There are a lot of factors that come into play, but there are two main points we can look at. For the biggest part, it is about justifying actions in a way that makes them acceptable for viewers. When we're talking about Joe Goldberg, his actions are justified because he does it 'out of love' or for the love of his life. Besides that, he has a very likeable personality apart from the murdering and stalking. He helps his neighbour and cares deeply for other characters. You can also sympathize with him because of his traumatic past.  Another peculiar case, for example, is Rico's Vleugels (Rico's wings) by Dutch writer Rascha Peper. It's about an old man with dementia abusing a 14-year old. How terrifying or creepy his actions may be, in the book they are justified because he is old, lonely and sick. The reader can sympathize with him, because he is an old, sad man in the first place.

There is also a certain phenomenon called hybristophilia, where people are attracted to others committing heavy crimes. This is also known as the bonnie and clyde syndrome. There are a few identified causes: Some people believe that they can change the cruel people into ‘normal’ people, or that they can have a positive influence on them so they will better their life. Close to this cause is when people see the little boy or girl that the cruel person once was and they want to care for that ‘inner personality’. Apparently, it’s often the case that these people with hybristophilia see a different personality behind the psychopath or villain or they want to believe they have a softer personality somewhere inside of them. This syndrome also works for real life cases. Ted Bundy, for example, had a lot of admirers who would even send him nude pictures or beg him to murder them (which is, of course, an extreme case). Or think of Charles Manson, serial killer and cult leader of the Manson family. Even though he heavily abused and murdered people, heh ad tons of fans, followers and groupies. In these cases, it's also common that the 'fans' personlly justify the actions for themselves. They are often attracted to these man because their personalities, or at least the ways in which they present themselves, are not like typical serial killers. In these cases they're charismatic, intelligent men with a good education; which, for their followers at least, weighs up against their actions.

Charles Manson and his 'Manson girls'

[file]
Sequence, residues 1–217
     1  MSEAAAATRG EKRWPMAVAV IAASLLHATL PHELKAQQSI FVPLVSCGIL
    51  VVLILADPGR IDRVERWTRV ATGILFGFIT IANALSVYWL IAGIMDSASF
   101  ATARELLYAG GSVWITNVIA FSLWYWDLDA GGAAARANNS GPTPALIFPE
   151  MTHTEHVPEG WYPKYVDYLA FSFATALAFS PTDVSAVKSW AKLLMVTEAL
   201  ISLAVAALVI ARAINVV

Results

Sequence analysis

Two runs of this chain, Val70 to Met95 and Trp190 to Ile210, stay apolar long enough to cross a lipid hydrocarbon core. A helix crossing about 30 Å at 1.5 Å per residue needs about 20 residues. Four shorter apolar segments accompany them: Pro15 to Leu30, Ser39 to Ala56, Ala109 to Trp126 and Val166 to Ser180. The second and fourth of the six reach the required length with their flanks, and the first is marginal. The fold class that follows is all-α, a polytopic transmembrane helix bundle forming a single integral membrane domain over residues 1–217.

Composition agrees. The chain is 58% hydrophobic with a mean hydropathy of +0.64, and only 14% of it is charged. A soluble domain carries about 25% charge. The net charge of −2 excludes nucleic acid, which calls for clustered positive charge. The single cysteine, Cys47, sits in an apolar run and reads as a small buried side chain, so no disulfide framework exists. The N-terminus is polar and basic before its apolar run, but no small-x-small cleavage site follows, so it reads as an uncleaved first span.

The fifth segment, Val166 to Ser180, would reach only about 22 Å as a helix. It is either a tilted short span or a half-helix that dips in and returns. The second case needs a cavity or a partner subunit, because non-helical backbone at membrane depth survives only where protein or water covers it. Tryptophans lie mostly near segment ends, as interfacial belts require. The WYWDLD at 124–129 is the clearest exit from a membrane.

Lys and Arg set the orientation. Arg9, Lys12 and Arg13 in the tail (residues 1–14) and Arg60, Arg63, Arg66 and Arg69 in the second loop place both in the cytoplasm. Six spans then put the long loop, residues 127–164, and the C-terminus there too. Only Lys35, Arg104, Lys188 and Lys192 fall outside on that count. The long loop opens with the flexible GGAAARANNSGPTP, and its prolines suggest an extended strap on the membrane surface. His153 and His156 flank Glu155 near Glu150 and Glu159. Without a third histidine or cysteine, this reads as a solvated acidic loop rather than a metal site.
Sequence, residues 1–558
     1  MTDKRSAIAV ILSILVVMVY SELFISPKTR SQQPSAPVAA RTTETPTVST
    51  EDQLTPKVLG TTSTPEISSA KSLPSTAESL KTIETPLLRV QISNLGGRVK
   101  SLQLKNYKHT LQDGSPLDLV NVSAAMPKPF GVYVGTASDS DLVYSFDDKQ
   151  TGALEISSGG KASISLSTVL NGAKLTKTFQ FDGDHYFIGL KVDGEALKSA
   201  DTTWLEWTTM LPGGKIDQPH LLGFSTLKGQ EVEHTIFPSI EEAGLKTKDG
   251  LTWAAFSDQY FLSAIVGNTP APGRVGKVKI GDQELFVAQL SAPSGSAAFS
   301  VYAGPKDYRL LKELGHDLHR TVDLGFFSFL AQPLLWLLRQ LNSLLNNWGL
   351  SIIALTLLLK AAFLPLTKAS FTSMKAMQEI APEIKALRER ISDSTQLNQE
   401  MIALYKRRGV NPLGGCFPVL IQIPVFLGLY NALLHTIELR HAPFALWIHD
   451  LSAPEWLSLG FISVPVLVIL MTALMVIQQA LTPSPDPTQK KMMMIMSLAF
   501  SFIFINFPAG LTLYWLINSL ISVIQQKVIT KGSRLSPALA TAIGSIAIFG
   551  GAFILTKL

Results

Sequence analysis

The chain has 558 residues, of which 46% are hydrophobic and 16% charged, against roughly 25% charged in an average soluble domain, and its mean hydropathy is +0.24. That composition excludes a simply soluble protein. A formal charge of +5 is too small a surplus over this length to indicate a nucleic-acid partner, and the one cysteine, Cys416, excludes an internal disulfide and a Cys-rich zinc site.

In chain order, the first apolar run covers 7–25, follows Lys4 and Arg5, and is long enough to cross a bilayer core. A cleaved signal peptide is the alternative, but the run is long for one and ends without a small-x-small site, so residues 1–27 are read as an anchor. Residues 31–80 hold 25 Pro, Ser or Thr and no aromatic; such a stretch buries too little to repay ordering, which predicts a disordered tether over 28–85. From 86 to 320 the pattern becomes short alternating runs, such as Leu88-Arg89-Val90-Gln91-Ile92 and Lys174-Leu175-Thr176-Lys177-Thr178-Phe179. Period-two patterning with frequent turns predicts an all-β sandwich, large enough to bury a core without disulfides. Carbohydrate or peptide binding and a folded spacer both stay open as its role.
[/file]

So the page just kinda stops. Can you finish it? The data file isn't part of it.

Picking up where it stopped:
So: A villain, psychopath, serial killer, murderous person or any other crazy personality can become attractive if his or her actions are justified in any way possible, that makes them acceptable to others. This justification can be anything from love, to a need to survive or personal problems or suffering. And next to that, but especially for extreme cases and real life cases the bonnie and clyde syndrome comes into play

Another important thing to note when it comes to fiction is that it is not real. Of course you wouldn’t normally be attracted to a serial killer or murderous villain. But because the character is not real, you can allow yourself to fantasize a little. Not everyone thinks the same about these characters, because some are more sensitive to these situations than others. But don't be ashamed of yourself if you're attracted to a Joe Goldberg or an Edward Cullen, because these movies or films are made to be like this and there are lots of others thinking the same way.

Ted Bundy and his admirers in court


Music as therapy? - Iris Hoogesteger, 9th of January 2020


When the holidays are over the time has come where it is still cold but not “gezellig” anymore. No more happy Christmas music, no more cute lights, we have to eat healthy again and get back to work. At the end of the year everyone starts to realize what their 2019 was like. Instagram exploded from the Spotify wrapped of 2019. Which drove everyone crazy. Like I don't need to know that you listened 2324 minutes to music. But I understand the fact that people listen to music so much. You used to have to buy a record player and record to listen to music. And you couldn't take it with you. Today listening to music is so much easier. You can basically listen to music everywhere you want and get access to a lot of music too. But what makes music so attractive that we can't get enough of it and want to listen to it anytime we can? Music releases something within us that we all love. Whether it is to make us feel happy or to process our sadness. But why?